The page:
According to the September 10, 2009 issue of  The Institute for Safe Medication Practices, Legislation has been introduced in Ohio that would establish criminal penalties for pharmacists, pharmacy interns, and qualified pharmacy technicians who fail to report suspected dispensing errors with a “dangerous drug” to the Board of Pharmacy(legislature.state.oh.us%2fbills.cfm%3fID%3d128SB+119)  Criminal penalties would include fines of up to $250 and 30 days imprisonment. Three or more convictions within 6 months would result in increased fines and up to 180 days imprisonment. The Board of Pharmacy would also be required to investigate all errors and pursue disciplinary action if warranted”

The article goes on to say

ISMP adamantly encourages reporting of medication hazards to promote learning. But you can’t punish people for not reporting errors and then subject them to punishment if they do report errors…Ohio pharmacy staff are ” damned if they do” and “damned if they don’t” report errors; in either circumstance, they face the very real threat of imprisonment, fines and a criminal record.”

     Will this type of legislation create a safer environment for patients? Will other states follow suit? Will legislation such as this be applied to health care providers who administer medications, such as nursing instructors training students in clinical rounds, or nurse preceptors? (remember, pharmacist Eric Cropp did not mix the hypertonic chemo, a pharmacy technician did)  Will it drive people away from careers in health care professions? 

Read the full article at http://www.ismp.org/newsletters/acutecare/currentissue.asp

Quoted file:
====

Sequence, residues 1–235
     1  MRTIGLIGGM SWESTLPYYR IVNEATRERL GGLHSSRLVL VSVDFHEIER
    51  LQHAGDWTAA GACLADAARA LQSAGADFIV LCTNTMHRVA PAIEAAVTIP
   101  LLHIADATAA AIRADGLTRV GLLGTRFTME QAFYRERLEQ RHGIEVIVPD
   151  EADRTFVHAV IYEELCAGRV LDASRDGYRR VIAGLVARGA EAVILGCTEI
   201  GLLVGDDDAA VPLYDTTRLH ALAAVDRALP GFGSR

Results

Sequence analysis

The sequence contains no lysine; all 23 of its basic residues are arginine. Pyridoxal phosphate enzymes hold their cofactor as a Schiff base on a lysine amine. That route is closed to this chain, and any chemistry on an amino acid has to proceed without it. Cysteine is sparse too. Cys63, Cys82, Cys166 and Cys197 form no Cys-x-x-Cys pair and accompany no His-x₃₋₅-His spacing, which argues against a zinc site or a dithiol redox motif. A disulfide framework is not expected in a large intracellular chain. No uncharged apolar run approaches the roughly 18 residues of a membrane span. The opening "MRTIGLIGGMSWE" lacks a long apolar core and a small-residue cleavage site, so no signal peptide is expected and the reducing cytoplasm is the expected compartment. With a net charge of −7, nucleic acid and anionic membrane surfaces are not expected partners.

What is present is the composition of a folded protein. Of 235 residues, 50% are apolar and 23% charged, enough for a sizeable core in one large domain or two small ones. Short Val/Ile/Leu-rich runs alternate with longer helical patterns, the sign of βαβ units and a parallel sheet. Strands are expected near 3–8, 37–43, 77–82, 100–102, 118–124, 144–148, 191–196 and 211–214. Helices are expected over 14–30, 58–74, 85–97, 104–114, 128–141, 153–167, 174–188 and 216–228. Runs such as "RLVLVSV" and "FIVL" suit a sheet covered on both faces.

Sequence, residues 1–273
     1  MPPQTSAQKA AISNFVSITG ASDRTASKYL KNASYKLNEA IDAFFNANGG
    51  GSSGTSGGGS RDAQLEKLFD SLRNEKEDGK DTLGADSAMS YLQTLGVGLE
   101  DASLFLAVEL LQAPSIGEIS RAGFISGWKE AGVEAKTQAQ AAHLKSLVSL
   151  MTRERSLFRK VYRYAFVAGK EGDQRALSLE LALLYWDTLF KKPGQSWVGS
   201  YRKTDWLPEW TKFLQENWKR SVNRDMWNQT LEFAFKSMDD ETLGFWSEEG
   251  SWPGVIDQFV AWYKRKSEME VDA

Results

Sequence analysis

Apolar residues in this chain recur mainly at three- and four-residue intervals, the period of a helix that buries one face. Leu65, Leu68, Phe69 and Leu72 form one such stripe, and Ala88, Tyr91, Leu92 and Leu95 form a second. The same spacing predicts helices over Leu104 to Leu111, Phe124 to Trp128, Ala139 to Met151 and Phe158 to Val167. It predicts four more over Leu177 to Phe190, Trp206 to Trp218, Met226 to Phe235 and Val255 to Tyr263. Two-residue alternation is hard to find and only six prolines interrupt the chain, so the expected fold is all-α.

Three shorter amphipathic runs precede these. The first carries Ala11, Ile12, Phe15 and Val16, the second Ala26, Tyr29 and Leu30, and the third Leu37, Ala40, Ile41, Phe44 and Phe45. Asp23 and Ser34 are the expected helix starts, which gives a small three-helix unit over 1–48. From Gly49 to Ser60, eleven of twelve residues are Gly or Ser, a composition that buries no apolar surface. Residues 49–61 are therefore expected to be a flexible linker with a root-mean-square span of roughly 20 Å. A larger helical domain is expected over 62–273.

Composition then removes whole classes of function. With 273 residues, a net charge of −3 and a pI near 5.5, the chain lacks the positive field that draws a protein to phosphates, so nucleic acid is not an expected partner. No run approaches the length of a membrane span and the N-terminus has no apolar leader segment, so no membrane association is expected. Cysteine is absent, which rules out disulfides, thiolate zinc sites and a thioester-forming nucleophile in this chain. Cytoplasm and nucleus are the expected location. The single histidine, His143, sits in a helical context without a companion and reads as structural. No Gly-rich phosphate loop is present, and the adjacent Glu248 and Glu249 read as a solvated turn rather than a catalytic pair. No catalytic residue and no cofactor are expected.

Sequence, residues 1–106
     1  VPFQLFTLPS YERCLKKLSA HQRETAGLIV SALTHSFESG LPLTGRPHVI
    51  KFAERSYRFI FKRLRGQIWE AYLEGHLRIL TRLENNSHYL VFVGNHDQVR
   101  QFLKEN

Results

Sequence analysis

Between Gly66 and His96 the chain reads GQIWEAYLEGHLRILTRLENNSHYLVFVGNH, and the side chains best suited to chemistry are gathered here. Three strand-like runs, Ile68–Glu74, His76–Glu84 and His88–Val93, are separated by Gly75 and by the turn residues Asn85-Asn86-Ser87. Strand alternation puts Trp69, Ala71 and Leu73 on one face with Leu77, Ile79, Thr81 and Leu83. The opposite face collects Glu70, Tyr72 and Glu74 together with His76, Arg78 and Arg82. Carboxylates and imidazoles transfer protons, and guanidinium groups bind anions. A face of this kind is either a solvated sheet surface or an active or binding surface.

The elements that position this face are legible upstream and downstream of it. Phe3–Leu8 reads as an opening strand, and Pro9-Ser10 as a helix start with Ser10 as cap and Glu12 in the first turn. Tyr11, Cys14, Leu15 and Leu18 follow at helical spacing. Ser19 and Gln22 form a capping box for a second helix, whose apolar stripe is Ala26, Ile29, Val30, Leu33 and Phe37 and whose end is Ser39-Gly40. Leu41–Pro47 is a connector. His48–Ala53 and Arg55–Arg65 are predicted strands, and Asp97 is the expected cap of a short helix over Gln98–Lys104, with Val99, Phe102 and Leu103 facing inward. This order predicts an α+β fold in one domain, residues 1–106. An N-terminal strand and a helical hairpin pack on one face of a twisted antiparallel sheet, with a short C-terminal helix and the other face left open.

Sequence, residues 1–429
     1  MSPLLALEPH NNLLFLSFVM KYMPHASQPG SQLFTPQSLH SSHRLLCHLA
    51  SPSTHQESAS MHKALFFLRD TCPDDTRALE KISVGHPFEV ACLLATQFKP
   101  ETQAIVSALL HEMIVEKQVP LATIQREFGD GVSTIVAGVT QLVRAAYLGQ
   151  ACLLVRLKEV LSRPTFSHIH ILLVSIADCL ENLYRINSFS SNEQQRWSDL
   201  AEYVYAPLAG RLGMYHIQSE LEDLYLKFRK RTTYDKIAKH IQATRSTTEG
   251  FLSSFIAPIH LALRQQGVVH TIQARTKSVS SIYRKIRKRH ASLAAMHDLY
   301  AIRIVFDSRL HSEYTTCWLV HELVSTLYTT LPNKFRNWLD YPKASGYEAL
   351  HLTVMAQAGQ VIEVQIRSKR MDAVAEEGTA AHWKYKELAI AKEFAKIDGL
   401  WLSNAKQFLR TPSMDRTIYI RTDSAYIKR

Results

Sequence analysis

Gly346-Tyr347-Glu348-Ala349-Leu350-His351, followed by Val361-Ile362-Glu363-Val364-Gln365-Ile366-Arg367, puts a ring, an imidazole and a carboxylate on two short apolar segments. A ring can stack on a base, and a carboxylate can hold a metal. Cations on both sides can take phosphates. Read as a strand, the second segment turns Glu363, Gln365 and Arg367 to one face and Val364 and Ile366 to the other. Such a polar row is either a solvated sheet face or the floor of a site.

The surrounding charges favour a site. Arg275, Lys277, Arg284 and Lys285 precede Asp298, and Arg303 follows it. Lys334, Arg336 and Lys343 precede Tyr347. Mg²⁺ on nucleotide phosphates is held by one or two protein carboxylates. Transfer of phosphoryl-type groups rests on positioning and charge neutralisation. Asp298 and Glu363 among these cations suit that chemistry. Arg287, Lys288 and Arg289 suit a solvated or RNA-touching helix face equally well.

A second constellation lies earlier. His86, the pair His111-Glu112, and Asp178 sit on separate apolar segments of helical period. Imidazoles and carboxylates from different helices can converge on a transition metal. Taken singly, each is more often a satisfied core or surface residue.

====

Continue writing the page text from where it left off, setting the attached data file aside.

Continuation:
Not a Wonderful Life: No George Bailey for Pharmacist Eric Cropp or His Patient

     The Institute for Safe Medication Practices (http://www.ismp.org/) published an article in their August 27, 2009 newsletter, describing a horrific medication error that ended in the death of a child in an Ohio hospital. Just typing that sentence brings tears to my eyes.

     On August 14, 2009, Ohio pharmacist Eric Cropp was sentenced to 6 months in prison, 6 months of home confinement, 3 years of probation, 400 hours of community service, $5,000 fine, and payment of court costs. The Ohio board of pharmacy has permanently revoked his license. He did not mix the chemotherapy.  It was mixed by a pharmacy tech, who inadvertently used 23% saline as the base solution for the infusion that killed the child.

     Documentation from the case further shows that on the day the medication error occurred:

  • The pharmacy computer system was down in the morning, leading to a backlog of physician orders.
  • The pharmacy was short-staffed on the day of the event.
  • Pharmacy workload did not allow for normal work or meal breaks.
  • The pharmacy technician assigned to the IV area was planning her wedding on the day of the event and, thus, highly distracted.
  • A nurse called the pharmacy to request the chemotherapy early, so Eric felt rushed to check the solution so it could be dispensed (although in reality, the chemotherapy was not needed for several hours)

     The article Ohio Government Plays Whack-a-Mole with Pharmacist defends the right of health care professionals and patients to expect safe and consistent systems and policies  from hospitals to prevent the conditions and circumstances creating unsafe work environments, such as the one that has destroyed the life of a child, her family, and pharmacist Eric Cropp. Please read this article.